President Barack Obama rose to the occasion Wednesday night, Jan. 27, when he spoke at the Righteous Among the Nations celebration at the Israeli Embassy in Washington. Rarely has the president been more eloquent or more forceful than when he declared that Army Master Sgt. Roddie Edmonds, one of the night’s four honorees, was right in declaring, “We are all Jews.”
“Anti-Semitism is a distillation, an expression of an evil that runs through so much of human history, and if we do not answer that, we do not answer any other form of evil,” Obama said, going on to defend Israel’s right to exist as a Jewish state and to reject policy criticism that warps into a denial of that fundamental right.
The Obama who spoke that night — who emphasized the responsibility of people of faith everywhere to stand up for one another and who noted that Israelis and Palestinians alike must have empathy for and make common cause with the outsider — deserves to be counted among Israel’s best friends.
Unfortunately, as we discussed in this space two weeks ago after listening to his final State of the Union address, the president is paying only fleeting attention to foreign policy in general and Israel in particular as the start of the presidential primaries and caucuses begins the countdown to his political retirement.
Thus, just four days before he delivered those moving words at the Israeli Embassy, he silently allowed U.S. Customs and Border Protection to reinstitute 20-year-old, never-enforced regulations on the labeling of goods produced in the West Bank.
Henceforth, those products must be labeled “West Bank,” “West Bank/Gaza,” “West Bank/Gaza Strip,” “West Bank and Gaza,” or “West Bank and Gaza Strip.”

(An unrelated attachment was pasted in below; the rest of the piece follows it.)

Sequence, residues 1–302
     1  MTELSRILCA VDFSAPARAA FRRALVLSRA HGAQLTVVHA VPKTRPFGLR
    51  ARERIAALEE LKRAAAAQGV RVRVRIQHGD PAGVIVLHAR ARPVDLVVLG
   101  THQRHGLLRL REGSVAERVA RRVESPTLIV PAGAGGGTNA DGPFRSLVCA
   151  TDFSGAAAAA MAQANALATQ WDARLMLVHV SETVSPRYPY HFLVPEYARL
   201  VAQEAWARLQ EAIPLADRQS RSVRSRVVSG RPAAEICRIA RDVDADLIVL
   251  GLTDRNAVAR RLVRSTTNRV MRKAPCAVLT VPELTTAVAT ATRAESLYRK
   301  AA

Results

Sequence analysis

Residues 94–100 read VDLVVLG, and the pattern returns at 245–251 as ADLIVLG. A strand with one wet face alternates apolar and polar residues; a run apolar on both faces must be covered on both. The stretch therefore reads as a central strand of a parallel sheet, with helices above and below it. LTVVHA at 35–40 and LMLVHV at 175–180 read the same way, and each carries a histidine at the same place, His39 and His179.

“It is not acceptable to mark the aforementioned goods with the words ‘Israel,’ ‘Made in Israel,’ ‘Occupied Territories-Israel,’ or any variation thereof,” the customs memo reads.
It’s true that the memo restores a policy created in 1995 as part of the Oslo Accords. It’s perhaps true that Customs and Border Protection felt the need to issue the memo in response to complaints about the lack of enforcement and did not bother to let the White House or the State Department know about a bureaucratic decision.
It’s also possible, however, that customs officials recognized the sensitivity of anything involving Israel and notified the proper contacts higher in the administration, only to be met with the silence of indifference. It’s one thing to stand up for Israel in a ceremony commemorating the end of Holocaust; it’s another thing to protect Israel from international economic threats.
The practical effect is minimal. The only people who care about labels of origin are people who don’t need those labels to know and respond to the products’ origin.
But symbolically the United States, with the president’s acceptance if not approval, has chosen to line up with the European Union in labeling Israeli products made in the West Bank differently from those made within the pre-1967 borders. It’s a policy Israel has fought in Europe for conveying a conclusion about the status of the West Bank that must be resolved in peace talks, not by bureaucratic fiat.
Again, the U.S. message to Israel is clear: You chose your own path away from the peace process; now you can walk that path alone.